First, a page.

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English Trainer
See interview of Ranjit Singh Thind
How different is the structural approach from the communicative approach? Let’s take the example of two children raised in two different environments. One child whose mother tongue is English is raised in an English speaking environment. The other child whose mother tongue is not English is raised in a non-English speaking environment. The child whose mother tongue is English enrols in school already equipped with established speech habits which include the main English sentence patterns, the use of tenses of the verb (although to a limited extent), the use of the articles, word order (imitating the adults) and a host of other structural features of the language. On the other hand, the other child whose mother tongue is not English is confronted with insuperable difficulties to learn English in an environment that does not afford the practice of spoken English.

As such, the foreign student has first to learn and establish as habits, the very material that children whose mother tongue is English already know on their first day at school. Therefore, a totally different view of the language is required for the foreign student. The materials and methods required for the foreign student differs from the native speaker of the language. Hence, it is justified at this stage to use the structural approach for the foreign student. The foreign student is exposed to a variety of sentence patterns (positive, negative, interrogative) involving the most frequently used verbs in the English language – the 24 special verbs. After hearing and practising these verbs and their use in sentences in their daily lives, the foreign student instils in himself/herself the habit of speaking and writing correctly. It is also important to consciously teach word order to those learning English as a foreign language.

For example, take the case of my son. At the age of six, I began to teach him the pronunciation of the 24 special verbs and structural words or ‘function’ words individually. What are structural words? They are the little words which link up the bigger words. For example:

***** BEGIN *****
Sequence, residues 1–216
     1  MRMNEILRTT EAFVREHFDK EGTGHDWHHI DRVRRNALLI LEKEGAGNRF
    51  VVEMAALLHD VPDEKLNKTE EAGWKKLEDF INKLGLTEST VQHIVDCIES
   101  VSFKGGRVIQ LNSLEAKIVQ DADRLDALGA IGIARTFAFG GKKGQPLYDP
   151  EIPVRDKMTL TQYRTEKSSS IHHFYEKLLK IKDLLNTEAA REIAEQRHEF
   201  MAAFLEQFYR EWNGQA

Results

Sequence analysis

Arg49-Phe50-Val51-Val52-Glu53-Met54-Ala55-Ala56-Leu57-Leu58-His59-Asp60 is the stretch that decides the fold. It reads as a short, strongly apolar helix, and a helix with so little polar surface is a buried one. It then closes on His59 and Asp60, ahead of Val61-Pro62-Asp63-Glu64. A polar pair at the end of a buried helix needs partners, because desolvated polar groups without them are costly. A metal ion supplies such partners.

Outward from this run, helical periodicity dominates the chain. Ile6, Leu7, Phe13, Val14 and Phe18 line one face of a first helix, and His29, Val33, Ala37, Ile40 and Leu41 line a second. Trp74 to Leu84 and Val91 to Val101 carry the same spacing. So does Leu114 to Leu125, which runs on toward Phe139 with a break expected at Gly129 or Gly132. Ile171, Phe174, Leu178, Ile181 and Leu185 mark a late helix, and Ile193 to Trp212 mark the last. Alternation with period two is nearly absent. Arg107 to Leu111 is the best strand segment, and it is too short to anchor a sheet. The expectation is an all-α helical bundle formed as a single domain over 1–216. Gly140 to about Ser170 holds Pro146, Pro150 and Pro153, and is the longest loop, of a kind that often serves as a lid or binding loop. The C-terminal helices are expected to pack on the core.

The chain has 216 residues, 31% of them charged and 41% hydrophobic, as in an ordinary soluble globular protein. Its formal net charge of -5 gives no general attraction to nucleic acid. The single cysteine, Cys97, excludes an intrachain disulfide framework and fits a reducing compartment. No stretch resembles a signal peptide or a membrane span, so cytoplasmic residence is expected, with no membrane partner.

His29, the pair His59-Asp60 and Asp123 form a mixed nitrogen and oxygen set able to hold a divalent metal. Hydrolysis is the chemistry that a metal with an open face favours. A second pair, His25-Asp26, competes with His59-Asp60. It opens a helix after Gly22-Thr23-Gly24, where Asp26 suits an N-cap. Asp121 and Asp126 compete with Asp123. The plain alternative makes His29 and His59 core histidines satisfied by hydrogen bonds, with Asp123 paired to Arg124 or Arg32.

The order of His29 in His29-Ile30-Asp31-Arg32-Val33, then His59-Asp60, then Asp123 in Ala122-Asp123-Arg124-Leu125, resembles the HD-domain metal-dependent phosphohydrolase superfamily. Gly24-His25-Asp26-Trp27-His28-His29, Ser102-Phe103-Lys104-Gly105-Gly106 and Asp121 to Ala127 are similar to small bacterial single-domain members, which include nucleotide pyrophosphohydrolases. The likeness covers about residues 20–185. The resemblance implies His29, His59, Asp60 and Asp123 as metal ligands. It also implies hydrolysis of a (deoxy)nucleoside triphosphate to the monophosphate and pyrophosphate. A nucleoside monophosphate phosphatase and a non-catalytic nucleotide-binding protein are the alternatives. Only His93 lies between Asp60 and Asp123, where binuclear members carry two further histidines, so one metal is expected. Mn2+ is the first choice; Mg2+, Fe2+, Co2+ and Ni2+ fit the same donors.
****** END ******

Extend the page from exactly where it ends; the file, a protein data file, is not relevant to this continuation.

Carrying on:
The exports of China are increasing every year.

Sheep eat the grass which grows on the hills.

The consumption of petrol by an engine increases with speed.

The words in italics are structural words linking the content words (referring to things and actions). The content words are linked by the structural words, the words which show how they are linked: the words of relationship. The structural words are important to the speaker of English.

At eight years of age, he could read books in English very clearly. He was able to comprehend more than 80% of the reading material. Certain words that presented difficulties were overcome by the use of the Oxford dictionary. Comprehension and vocabulary exercises were used to facilitate his command of the language. It is at this stage that I introduced grammar learning as an aid to composition. Now he is able to divide a sentence into Subject and Predicate and identify easily the parts of speech in a sentence. He’s not yet nine years old but he is able to compose paragraphs of about five to six sentences on any given topic. My wife and I speak only English at home. This affords him to practise his spoken English widely.

The ‘structure’ of the language does not mean the ‘grammar’ of the language. A teacher of English should be clear as to the structure of English. We never realise that we are using structural English in our daily lives. If there is no structure, we will present our materials in an unorganised and unintelligent way. Knowledge of different sentence patterns allows us to comprehend and apply the various structures habitually in our spoken and written English. This will lessen the tendency to make mistakes. My experience in applying the structural method towards students from differing levels has proved to be effective and results based.